The Week In Books: Writer-heroes who resist the red star

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A couple of months ago, I found myself thinking a lot about Alexander Solzhenitsyn, who died this week, and returning to the great books that had struck me like a tornado as an enraptured teenage reader. The reason was straightforward. Twice this spring – once for this newspaper, and once for an event at Asia House in London – I interviewed the dissident Chinese novelist Ma Jian. Both in his personal courage and resolution, and in the truth-telling majesty of Beijing Coma – his epic novel of the Tiananmen Square massacre and its aftermath, right up the building of the Olympic Stadium on land snatched from thousands of evicted citizens – Ma looks to me like a true successor to the author of Cancer Ward and The First Circle.

In death, everyone bows to Solzhenitsyn. In life, especially through the long ice age when the Soviet empire felt eternal and immutable, many "realists" dismissed him as a moralising windbag who refused the cosy comforts of détente. Likewise, Ma has picked up tut-tutting reviews from power-mad intellectuals who basically tell him to shut up, stop banging on about human dignity and democratic rights, and join in the cheers for the new Asian century. When we wake up from the trance that has led millions of dupes or chancers to surrender to the Beijing regime, a few thinkers and artists will have the right to judge the, mostly spineless, Western record on China. Ma Jian will be one of them.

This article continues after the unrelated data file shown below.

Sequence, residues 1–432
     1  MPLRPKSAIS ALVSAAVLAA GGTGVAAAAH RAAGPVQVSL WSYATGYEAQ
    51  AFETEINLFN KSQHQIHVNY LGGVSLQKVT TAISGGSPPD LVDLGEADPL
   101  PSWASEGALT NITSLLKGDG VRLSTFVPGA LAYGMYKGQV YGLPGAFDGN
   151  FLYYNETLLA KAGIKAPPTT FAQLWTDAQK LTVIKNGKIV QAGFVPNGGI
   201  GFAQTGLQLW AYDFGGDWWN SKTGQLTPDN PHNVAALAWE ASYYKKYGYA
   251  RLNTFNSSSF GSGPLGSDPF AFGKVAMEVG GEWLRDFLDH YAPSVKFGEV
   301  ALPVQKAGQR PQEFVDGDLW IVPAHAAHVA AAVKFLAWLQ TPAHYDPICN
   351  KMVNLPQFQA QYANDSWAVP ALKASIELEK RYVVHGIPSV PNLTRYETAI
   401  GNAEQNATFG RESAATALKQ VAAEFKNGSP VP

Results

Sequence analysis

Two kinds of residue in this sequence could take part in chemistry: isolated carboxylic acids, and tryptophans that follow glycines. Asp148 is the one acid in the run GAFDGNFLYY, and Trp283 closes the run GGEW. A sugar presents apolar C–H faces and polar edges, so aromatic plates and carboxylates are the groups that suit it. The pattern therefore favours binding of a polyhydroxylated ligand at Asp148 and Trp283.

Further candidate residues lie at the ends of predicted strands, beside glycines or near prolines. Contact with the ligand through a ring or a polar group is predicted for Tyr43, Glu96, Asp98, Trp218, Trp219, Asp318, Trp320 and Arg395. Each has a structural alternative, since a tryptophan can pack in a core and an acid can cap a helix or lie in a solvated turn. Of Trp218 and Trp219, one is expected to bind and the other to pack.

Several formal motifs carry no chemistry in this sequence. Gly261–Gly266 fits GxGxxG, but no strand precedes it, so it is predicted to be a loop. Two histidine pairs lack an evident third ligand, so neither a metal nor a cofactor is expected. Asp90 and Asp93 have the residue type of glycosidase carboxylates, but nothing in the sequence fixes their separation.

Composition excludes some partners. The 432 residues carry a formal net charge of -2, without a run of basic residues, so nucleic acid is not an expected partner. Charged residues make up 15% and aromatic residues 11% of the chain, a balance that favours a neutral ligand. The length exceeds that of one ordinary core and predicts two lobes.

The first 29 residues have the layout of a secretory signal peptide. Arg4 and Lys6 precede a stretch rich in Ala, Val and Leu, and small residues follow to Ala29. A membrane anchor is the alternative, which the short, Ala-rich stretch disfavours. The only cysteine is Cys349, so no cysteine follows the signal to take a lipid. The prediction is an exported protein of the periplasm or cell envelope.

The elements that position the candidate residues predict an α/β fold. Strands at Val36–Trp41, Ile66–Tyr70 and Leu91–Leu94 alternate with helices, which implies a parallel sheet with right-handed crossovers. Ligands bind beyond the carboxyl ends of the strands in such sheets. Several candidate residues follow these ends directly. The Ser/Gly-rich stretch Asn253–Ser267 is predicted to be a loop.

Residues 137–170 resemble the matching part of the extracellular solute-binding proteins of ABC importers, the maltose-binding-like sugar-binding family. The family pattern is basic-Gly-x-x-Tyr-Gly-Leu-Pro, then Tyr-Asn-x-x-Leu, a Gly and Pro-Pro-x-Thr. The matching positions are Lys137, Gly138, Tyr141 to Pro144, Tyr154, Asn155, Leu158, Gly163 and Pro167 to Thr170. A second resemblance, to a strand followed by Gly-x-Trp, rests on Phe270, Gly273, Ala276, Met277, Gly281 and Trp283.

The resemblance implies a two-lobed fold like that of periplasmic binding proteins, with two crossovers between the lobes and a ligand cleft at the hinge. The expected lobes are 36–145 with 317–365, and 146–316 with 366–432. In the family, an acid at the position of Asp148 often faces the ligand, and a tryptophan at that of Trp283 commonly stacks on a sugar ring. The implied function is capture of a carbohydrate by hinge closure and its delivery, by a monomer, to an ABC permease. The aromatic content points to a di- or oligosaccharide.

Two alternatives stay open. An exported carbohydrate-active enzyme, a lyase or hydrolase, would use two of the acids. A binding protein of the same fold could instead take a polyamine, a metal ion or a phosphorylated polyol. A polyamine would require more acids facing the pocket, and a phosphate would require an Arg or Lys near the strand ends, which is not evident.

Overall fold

Posthumous acts of reverence do Solzhenitsyn and his heirs no good. If you want to salute his memory, read some good books by free spirits. From China, read Ma and the many other translated writers – Jiang Rong, Xinran Xue, Gao Xingjiang, Zhu Wen and Xiaolu Guo among them – who in wildly divergent ways keep Chinese literature alive in this weird era of free-market Leninism. Then, of course, read the bushy unclubbable prophet himself, above all if you never have before (though we urgently need a uniform paperback edition).

If his titanic human and historical dramas grip you as they did me, then the wide steppe of Russian fiction inspired by the Revolution and its consequences spreads out ahead. Increasingly, the greatest books from this period exist in updated English versions. Yale, for instance, has just re-published White Guard, Mikhail Bulgakov's scintillating novel of his own family's experience in Kiev in 1918, as the waves of revolution and counter-revolution broke around them. Marian Schwartz's swift and thrilling new translation (£16.99) reads wonderfully well.

In the famous, ambiguous finale of White Guard, an armoured train of the future Bolshevik regime waits at Kiev station. Above it stands the "vibrant red star" of Mars itself. In spite of the smog of commerce and showbiz, that red star of Party command still hangs over the Beijing stadium today, 90 years later. From Bulgakov through Solzhenitsyn to Ma Jian, fearless writers have never stopped gazing at it with a clear eye and a free mind. We need their visions more than ever.